The Federal Reserve Bank of New York knew something fishy was going on with the Libor rate as far back as August 2007, it has revealed. "We received occasional anecdotal reports from Barclays of problems with Libor," a spokesman said in a statement. The following spring, before any media reports on the matter had broken, it "made further inquiries of Barclays" about its Libor submissions, and even submitted ideas to reform the system to the British government, Reuters reports.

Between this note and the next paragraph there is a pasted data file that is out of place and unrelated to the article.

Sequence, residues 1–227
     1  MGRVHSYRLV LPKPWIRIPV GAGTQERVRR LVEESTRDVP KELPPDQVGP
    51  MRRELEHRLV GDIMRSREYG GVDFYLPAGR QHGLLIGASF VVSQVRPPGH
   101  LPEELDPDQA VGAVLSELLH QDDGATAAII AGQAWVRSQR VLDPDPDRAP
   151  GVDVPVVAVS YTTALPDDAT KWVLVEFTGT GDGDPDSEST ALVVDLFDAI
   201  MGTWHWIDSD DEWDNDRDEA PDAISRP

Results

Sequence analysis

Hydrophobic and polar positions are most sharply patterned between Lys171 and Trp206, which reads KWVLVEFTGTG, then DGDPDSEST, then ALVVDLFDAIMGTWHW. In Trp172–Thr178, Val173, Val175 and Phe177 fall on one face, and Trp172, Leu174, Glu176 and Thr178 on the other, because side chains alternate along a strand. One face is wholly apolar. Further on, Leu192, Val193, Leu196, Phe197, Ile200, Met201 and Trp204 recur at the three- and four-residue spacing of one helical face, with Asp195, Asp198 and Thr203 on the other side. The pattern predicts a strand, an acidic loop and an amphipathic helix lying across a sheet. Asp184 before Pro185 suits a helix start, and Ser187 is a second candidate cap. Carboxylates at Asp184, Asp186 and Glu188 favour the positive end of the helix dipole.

The Fed is likely to face criticism that it didn't do more. "Obviously they considered this to be within their orbit," says one Yale scholar. Barclays today released documents showing it contacted the Fed about Libor a dozen times. "This chronology shows clearly that our people repeatedly raised with regulators concerns," it said. Barclays remains under intense political pressure. In a bid to ease it, ex-CEO Robert Diamond today announced that he would voluntarily forfeit about $31 million in bonuses, the Wall Street Journal reports.